Get the Think newsletter.
By Simon Moya-Smith

The U.S. Congress has been far too white and far too male for far too long. But that’s all about to change.

Come January 2019, a wave of minorities — people of color, women, and women of color — will march into the Capitol and rattle those hallowed halls with their voices of logic and reason. It will probably make a few of the good ol’ establishment Republicans there quite uncomfortable. Good.

And while women, and particularly women of color, in politics may not be a time-honored tradition in the white, European male system of government, for the indigenous people who began human history on this land, women have been calling the shots for literally thousands of years.

You wouldn’t know that if you watched Hollywood flicks and cartoons about Native people that, to this day, portray a stereotypical male chief grunting and Tonto-talking to eloquent, albeit naïve, encroaching white invaders while a Native woman somewhere in the distance plays some subservient role. But that wasn’t the truth of our history, not for my people and not for a great many others.

Even now, there remain plenty of matriarchal and matrilineal indigenous societies in the U.S. that were here long before early European-Americans began marauding and murdering and taking of everything on which they could lay their hands.

In fact, through our oral traditions, Natives learn that when white men blundered this way, they were immediately aghast and even offended that Native women held significant political and spiritual roles and participated in all manner of dialogue and decision-making. Some white envoys even refused to participate in political discussions with Natives if any women were present.

An elder told me not too long ago that these white men didn’t consider Native men as “men” because Native women held such prominent roles and titles, which the white men believed diminished masculinity.

“They hardly considered any of us human for that matter, let alone ‘men,’” he added.

Now, only 94 years after Natives were granted U.S. citizenship and for the first time in the Congress’ 229-year-old history, two Native women — Debra Haaland of New Mexico and Sharice Davids of Kansas — will be on the Hill to implement the ancient and revered Seven Generation Rule, which Congress has desperately needed yet failed miserably to comprehend.

Sharice Davids talks to supporters at her campaign office in Overland Park, Kansas, on Oct. 22, 2018.Charlie Riedel / AP file

The Seven Generation Rule is simple and has been at the foundation of indigenous values since time immemorial: Do not make any significant, long-lasting decisions without first considering how they will impact seven generations after you’re dead.

“To me, that just seems like a very logical way to approach leadership, whether you’re Native or not,” Haaland, who is Laguna Pueblo, said to me from New Mexico in a phone interview. Protecting the earth from destruction and desecration was at the center of Haaland’s campaign and she said she will work tirelessly to follow the indigenous rule of protecting all living things seven generations out.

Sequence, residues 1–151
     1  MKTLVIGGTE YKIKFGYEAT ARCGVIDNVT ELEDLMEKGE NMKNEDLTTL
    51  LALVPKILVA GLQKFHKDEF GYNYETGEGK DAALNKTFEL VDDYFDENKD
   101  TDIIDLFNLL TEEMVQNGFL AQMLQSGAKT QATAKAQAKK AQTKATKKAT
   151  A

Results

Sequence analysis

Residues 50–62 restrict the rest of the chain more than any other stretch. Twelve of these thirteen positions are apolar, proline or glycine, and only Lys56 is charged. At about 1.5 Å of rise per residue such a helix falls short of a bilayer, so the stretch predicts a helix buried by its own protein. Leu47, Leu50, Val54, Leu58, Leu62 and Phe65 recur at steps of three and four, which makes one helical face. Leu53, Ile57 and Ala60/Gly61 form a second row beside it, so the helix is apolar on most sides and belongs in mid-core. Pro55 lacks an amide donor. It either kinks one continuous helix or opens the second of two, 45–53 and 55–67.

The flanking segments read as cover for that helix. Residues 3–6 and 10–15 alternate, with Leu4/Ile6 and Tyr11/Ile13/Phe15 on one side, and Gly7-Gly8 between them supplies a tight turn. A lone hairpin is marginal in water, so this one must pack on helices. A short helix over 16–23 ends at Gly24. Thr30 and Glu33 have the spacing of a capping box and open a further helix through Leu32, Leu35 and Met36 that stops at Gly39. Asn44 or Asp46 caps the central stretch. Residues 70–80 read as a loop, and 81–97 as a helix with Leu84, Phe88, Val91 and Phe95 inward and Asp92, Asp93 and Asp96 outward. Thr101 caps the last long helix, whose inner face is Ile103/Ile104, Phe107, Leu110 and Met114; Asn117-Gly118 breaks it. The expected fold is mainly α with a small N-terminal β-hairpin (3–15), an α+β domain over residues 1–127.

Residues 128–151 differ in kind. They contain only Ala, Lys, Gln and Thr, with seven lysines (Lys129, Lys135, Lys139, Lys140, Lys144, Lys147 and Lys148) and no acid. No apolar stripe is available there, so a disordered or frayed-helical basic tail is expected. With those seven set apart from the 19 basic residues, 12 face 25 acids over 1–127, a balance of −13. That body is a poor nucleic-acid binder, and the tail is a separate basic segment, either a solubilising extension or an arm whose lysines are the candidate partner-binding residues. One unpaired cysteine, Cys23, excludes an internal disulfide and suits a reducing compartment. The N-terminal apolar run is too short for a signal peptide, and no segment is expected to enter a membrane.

“If we look at the fossil fuel industry alone,” she said, “if folks seven generations ago would’ve thought about what it would do to our environment, perhaps they would’ve made different decisions.”

Or maybe not. The GOP doesn’t seem to care that, lately, things have gone from sick to seriously rotten: The water is noxious and the earth is burning, yet they continue to dig and pump more poison, pass blame, and deny that climate change is a real thing perpetuated by human behavior.

As for Haaland, she said she feels an obligation — in memory of her relatives and ancestors who survived aggressive Indian removal, brutal boarding schools built to “kill the Indian and save the man,” and a genocide — to protect the land and generations to come. But, she said, there’s a lot of damage that has been done, and it needs to be corrected and brought back to balance.

“(The Seven Generation Rule) has not played out in past Congresses,” she said, “so it’s almost like, in a way, we’re going to have to do some catching up and hope that we can right some things that should’ve been righted decades ago.

“We have a responsibility to the citizens of our state to provide these fundamental things like clean water, clean air, clean land,” she added.

It’s ironic that, when Europeans first arrived generations ago, they needed us to save them, to show them how to farm, survive, and live a harmonious and balanced life with the land. Several hundred years later, it appears they need us again.

This country needs a Haaland and a Davids in Washington, and Ruth Buffalo in North Dakota. Buffalo, who is of the Mandan, Hidatsa and Arikara Nation, is the first female Native Democrat to be elected to the legislature there. She said there is a clear “paradigm shift” happening and that voters are now catching on that this country has been missing the wisdom of Native women.

“(We) have always lead our communities and tribes,” Buffalo said to me from North Dakota during a phone interview. “It’s nothing new or out of the norm to have our women out in front. We bring a balance.”

White men didn’t like Native women’s participation in governance when they first arrived here, and I’m not convinced the good ol’ boys of the GOP will like it any better today. But if there is to be anyone living seven generations from now, and if the water and earth are to survive the nasty plague of human greed and arrogance, it’s going to need the original stewards of this land to lead the way. It’s going to need indigenous women.

And, with them at the helm, I feel a little bit better about the future for all of us. Men have had their day at the tip-top. Move over, sirs; pass the mic and pay attention. Indigenous women are speaking and leading, as it has been and as it should be. And, if you listen, you might yet learn a thing or two.